Read tonight's earlier TaskMaster column.
Pacific Century CyberWorks, the Sequel
SAN FRANCISCO -- Many thanks to all who replied to
last night's piece about
Pacific Century CyberWorks
, although I can't say it was the most pleasant of "virgin" experiences.
Several readers took me to task (pun intended) for "failing to do my homework," "lazy" reporting and even "ignorance" (among the printable comments). Among the big sins was my failure to mention that Pacific Century was founded by Richard Li, a well-respected, well-connected executive who happens to be the son of Li Ka-shing, the world's 19th-richest man. Or that David Wetherell, CEO of
, which owns a minority stake in Pacific Century, made positive comments about the firm during CMGI's annual shareholders meeting last week.
When I wrote that information about the company was "sketchy," I wasn't referring to that kind of material (which was available). Rather, I referred to info on why the stock soared over 100% yesterday on such heavy trading. Nor did I intend to imply that Pacific Century CyberWorks was guilty by association because of its bulletin-board listing. With over 8.8 billion shares outstanding, the firm has a market capitalization of $20.7 billion, reflecting its status as one of Asia's biggest Internet plays. (You can learn more about the company and its parent,
Pacific Century Group
, at its
However, even the most zealous defenders of Pacific Century failed to provide a compelling rationale for the stock's standing-room-only ascent Wednesday, unwittingly proving the intended point of the column: Many people (like my friend "Lou") were investing in this stock based on little more than faith in the tips of friends and the extremely forgiving nature of this market. For those who know the story inside and out and have invested based on prudent due diligence, more power to you. But the fact that 81 million shares traded leads me to believe there were investors who don't fall into that category.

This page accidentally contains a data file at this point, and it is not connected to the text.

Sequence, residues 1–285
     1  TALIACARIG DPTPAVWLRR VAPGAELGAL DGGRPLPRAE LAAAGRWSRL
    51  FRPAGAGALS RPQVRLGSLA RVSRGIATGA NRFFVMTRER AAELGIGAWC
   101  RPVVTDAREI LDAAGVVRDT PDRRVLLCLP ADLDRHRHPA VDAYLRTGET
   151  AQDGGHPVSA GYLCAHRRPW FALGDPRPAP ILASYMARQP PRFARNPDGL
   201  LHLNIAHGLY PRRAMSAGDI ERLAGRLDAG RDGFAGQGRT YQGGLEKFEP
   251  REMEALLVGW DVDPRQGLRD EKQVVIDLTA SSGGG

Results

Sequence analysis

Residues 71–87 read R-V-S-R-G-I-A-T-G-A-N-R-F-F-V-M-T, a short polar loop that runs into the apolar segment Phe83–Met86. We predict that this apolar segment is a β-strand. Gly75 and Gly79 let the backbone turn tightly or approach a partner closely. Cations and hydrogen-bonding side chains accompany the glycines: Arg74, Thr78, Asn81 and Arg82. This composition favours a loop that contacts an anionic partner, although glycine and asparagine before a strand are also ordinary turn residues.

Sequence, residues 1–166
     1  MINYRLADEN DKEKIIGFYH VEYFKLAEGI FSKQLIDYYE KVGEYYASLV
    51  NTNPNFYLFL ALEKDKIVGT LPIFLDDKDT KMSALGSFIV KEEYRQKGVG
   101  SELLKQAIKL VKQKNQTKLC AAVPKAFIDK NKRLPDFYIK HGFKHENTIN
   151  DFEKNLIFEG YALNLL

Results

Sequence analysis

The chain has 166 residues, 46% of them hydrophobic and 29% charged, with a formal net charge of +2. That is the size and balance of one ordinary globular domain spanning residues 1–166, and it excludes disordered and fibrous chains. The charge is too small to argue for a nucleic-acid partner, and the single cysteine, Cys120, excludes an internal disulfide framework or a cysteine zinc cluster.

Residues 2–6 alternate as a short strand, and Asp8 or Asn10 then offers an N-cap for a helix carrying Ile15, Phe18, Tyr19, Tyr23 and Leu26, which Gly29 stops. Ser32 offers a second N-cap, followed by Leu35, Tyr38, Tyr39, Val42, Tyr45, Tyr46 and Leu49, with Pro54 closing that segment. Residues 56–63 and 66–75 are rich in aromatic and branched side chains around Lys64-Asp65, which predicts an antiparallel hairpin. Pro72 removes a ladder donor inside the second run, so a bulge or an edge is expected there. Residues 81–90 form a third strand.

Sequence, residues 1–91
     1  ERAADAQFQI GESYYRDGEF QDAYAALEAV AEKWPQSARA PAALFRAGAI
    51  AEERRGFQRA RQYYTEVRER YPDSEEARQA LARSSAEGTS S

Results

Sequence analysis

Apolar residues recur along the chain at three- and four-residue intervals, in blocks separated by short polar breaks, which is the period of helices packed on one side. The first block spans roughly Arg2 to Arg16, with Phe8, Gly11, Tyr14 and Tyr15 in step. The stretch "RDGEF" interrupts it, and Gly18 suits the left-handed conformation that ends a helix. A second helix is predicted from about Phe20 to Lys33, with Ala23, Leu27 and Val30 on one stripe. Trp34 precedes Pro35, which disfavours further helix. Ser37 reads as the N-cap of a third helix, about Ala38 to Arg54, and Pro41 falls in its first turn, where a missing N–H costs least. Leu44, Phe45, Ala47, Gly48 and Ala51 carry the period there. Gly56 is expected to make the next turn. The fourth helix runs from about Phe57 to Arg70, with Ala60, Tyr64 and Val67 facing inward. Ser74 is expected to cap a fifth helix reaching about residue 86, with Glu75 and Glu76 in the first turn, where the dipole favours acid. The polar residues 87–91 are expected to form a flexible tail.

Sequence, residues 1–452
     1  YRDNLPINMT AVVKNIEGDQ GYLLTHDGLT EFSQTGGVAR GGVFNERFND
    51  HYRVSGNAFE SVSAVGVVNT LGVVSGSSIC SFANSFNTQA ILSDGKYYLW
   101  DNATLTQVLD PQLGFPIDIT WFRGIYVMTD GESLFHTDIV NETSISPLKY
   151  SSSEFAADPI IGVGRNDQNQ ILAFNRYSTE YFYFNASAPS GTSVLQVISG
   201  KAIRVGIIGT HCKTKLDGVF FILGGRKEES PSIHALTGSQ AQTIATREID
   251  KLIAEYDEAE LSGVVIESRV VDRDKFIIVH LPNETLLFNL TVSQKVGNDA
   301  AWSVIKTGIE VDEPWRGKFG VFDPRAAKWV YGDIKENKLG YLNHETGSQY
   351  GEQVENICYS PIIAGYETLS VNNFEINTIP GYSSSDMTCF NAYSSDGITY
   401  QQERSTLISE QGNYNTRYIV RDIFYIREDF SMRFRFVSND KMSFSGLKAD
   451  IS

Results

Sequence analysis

reported the stock was up yesterday because of "market speculation that Pacific Century CyberWorks was planning a share swap with
," and would do a reverse 4-for-1 stock split to help facilitate a listing on the
Nasdaq National Market
Finally, something tangible to explain why the stock moved like it did, which is all I was looking for (I swear).
The story went on to say Pacific Century issued a statement denying it was in talks with Microsoft regarding a share exchange. Today, Pacific Century CyberWorks fell 20% to 2 3/16 on 42 million shares.
Meanwhile, I'm especially grateful to those readers who supplied additional information about the company, including copies of the "mythical"
report and another one from
Merrill Lynch did initiate coverage of the Hong Kong Internet incubator with a buy rating. But that was back on Aug. 31, not recently, as suggested by some chat-room filings. Also, Merrill's 12-month target was (and remains) 8
dollars (1 1/32 U.S.), not $10, as chat-filers indicated. On Nov. 25, Goldman initiated coverage with a market outperform rating and a target of 10 Hong Kong dollars (1 9/32 U.S.).
The potentially misleading info being bandied about in the chat rooms furthers my intended point about how so-called momentum trading can often become a game of "phone tag" played with high stakes.
Speaking of which, Lou reported today having sold half his shares, recouping his initial investment.
"Any gains now are 'free money,'" he wrote.
May we all be so blessed in the new millennium.
Aaron L. Task writes daily for TheStreet.com. In keeping with TSC's editorial policy, he doesn't own or short individual stocks, although he owns stock in TheStreet.com. He also doesn't invest in hedge funds or other private investment partnerships. He welcomes your feedback at